Effect of pollen-mediated oxidative stress on immediate hypersensitivity reactions and late-phase inflammation in allergic conjunctivitis

Attila Bacsi, Nilesh Dharajiya, Barun Choudhury, Sanjiv Sur, Istvan Boldogh

Research output: Contribution to journalArticle

67 Citations (Scopus)

Abstract

Background: Allergic eye diseases are complex inflammatory conditions of the conjunctiva that are becoming increasingly prevalent and present an increasing economic burden because of direct and indirect health expenditures. Objective: We sought to identify factors that may synergize with antigen-induced allergic inflammation and lead to allergic conjunctivitis. We used a murine model of allergic conjunctivitis to test the effect of oxidative stress generated by pollen oxidases using nicotinamide adenine dinucleotide (reduced) or nicotinamide adenine dinucleotide phosphate (reduced) (NAD[P]H) as an electron donor present in pollen grains. Methods: Reactive oxygen species (ROS) generation by hydrated Ambrosia artemisiifolia pollen (short ragweed pollen; RWP) grains was determined by using 2′-7′-dihydro- dichlorofluorescein diacetate, nitroblue tetrazolium reduction, and Amplex Red assay. The RWP-induced changes in intracellular ROS levels were examined in A549 cells, human primary bronchial epithelial cells, and murine conjunctiva. Results: Ragweed pollen grains contain NAD(P)H oxidase activity, which is diphenyleneiodonium-sensitive and quinacrine-sensitive and sodium azide-resistant. These NAD(P)H oxidases generate a superoxide anion that can be converted to H2O2 by pollen grain-associated superoxide dismutase. These diffusible oxygen radicals from pollen grains increase intracellular ROS levels in cultured epithelial cells and murine conjunctiva. Similar phenomena were observed in sensitized and naive mice, indicating that the RWP-induced oxidative stress in conjunctival epithelium is independent of adaptive immunity. Inactivation of NAD(P)H oxidase activity in RWP decreases the immediate-type hypersensitivity and inflammatory cell infiltration into the conjunctiva. Conclusion: Our data suggest that ROS generated by NAD(P)H oxidases in pollen grains intensify immediate allergic reactions and recruitment of inflammatory cells in murine conjunctiva.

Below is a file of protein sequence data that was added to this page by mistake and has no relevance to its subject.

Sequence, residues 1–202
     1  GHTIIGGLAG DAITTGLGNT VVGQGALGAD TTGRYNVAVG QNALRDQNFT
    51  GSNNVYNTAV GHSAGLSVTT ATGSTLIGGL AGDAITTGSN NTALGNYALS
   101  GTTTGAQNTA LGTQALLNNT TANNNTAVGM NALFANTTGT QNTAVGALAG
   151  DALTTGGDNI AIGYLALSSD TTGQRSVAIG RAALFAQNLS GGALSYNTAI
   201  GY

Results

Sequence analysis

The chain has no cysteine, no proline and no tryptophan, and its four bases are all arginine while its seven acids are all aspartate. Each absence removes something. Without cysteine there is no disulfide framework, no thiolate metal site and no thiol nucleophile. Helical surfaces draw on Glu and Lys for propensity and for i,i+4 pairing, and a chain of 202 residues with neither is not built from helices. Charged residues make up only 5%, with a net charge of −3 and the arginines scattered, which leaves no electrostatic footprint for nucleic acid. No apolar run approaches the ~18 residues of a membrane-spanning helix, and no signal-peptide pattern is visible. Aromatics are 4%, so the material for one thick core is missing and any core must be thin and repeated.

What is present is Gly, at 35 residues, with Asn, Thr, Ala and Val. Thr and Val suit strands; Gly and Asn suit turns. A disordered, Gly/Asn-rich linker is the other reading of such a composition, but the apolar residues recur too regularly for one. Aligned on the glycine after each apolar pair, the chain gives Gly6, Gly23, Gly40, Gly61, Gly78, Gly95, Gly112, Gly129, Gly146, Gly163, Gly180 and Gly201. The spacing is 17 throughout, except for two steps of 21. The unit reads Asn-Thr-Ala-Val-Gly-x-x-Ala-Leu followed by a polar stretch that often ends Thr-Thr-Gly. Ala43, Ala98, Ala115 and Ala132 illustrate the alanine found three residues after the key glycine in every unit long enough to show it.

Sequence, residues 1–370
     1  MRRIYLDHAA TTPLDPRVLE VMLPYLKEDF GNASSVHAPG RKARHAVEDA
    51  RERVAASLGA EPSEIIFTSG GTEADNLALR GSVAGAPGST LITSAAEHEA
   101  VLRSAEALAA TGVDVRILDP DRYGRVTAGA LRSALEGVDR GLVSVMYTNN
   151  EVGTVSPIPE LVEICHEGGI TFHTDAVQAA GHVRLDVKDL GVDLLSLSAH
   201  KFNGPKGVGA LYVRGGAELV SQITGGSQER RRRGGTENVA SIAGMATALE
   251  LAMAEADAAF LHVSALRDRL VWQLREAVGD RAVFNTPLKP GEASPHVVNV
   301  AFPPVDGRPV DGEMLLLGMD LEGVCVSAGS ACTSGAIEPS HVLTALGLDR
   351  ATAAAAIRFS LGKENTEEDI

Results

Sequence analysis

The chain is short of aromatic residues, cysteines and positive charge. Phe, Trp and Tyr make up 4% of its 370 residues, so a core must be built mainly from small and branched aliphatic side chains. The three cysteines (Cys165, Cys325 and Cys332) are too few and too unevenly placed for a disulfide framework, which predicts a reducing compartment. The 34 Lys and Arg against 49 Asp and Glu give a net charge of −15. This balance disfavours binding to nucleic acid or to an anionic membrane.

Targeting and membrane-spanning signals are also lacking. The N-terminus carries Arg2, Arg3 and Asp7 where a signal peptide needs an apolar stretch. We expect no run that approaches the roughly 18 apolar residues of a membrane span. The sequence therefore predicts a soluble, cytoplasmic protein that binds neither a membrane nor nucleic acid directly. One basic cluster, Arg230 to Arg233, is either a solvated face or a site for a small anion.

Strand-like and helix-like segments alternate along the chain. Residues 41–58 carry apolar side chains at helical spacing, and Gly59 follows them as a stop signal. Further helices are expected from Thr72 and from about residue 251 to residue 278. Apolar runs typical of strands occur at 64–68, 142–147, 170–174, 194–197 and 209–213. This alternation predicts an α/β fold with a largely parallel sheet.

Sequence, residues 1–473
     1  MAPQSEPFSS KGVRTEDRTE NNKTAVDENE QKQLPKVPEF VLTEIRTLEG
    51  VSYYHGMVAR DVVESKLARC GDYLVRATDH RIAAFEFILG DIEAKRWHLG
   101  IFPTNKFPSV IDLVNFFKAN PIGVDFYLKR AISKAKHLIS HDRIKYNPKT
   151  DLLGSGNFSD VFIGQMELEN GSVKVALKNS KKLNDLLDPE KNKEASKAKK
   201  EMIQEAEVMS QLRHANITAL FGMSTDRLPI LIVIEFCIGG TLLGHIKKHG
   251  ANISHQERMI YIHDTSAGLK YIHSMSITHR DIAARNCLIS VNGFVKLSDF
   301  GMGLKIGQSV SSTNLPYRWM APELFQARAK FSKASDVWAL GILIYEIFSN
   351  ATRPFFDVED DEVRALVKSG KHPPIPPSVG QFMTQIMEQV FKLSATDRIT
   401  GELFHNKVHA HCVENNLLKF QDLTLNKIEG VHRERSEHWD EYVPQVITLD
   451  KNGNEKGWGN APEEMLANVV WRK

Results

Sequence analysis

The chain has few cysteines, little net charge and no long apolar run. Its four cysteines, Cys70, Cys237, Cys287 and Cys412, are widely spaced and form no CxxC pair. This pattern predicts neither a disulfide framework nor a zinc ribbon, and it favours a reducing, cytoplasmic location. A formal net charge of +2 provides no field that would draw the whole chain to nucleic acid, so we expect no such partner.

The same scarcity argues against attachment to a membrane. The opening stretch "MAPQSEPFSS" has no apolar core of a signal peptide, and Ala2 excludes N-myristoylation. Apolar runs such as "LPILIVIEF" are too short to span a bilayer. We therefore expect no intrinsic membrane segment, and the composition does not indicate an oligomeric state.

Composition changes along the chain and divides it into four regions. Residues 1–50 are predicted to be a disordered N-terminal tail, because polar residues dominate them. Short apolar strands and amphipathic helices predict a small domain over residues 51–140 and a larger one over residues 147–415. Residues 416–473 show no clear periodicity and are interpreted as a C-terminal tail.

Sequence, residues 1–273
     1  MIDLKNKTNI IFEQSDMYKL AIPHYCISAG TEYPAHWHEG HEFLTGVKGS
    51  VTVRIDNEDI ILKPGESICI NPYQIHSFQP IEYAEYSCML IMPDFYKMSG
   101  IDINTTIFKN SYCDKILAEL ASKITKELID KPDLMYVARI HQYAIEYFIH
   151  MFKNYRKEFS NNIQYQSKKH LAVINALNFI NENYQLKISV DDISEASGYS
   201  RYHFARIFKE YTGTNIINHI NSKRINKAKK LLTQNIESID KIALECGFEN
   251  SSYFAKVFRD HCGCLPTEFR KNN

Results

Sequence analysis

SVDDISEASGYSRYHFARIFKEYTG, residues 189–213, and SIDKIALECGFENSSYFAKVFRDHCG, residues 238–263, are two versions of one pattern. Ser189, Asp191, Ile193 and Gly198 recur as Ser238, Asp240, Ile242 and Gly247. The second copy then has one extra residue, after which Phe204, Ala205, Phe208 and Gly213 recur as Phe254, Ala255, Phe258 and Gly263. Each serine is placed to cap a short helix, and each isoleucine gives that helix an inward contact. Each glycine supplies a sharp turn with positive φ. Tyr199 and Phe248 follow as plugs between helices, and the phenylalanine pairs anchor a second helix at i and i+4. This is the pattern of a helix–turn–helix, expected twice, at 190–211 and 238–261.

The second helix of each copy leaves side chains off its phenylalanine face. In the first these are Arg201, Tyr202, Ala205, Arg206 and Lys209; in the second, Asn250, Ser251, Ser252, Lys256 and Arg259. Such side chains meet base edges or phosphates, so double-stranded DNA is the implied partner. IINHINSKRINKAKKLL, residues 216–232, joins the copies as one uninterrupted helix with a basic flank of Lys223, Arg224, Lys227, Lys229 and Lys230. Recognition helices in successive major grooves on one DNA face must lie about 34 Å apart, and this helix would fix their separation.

Original languageEnglish (US)
Pages (from-to)836-843
Number of pages8
JournalJournal of Allergy and Clinical Immunology
Volume116
Issue number4
DOIs
StatePublished - Oct 2005

Fingerprint

Allergic Conjunctivitis
Immediate Hypersensitivity
Pollen
Oxidative Stress
Conjunctiva
Inflammation
NADPH Oxidase
Reactive Oxygen Species
Health Expenditures
Epithelial Cells
Ambrosia
Nitroblue Tetrazolium
Sodium Azide
Eye Diseases
Adaptive Immunity
NADP
Superoxides
NAD
Superoxide Dismutase
Cultured Cells

Keywords

  • Conjunctivitis
  • Epithelium
  • Oxidative stress
  • Pollen NAD(P)H oxidase

ASJC Scopus subject areas

  • Immunology and Allergy
  • Immunology

Cite this

Effect of pollen-mediated oxidative stress on immediate hypersensitivity reactions and late-phase inflammation in allergic conjunctivitis. / Bacsi, Attila; Dharajiya, Nilesh; Choudhury, Barun; Sur, Sanjiv; Boldogh, Istvan.

In: Journal of Allergy and Clinical Immunology, Vol. 116, No. 4, 10.2005, p. 836-843.

Research output: Contribution to journalArticle

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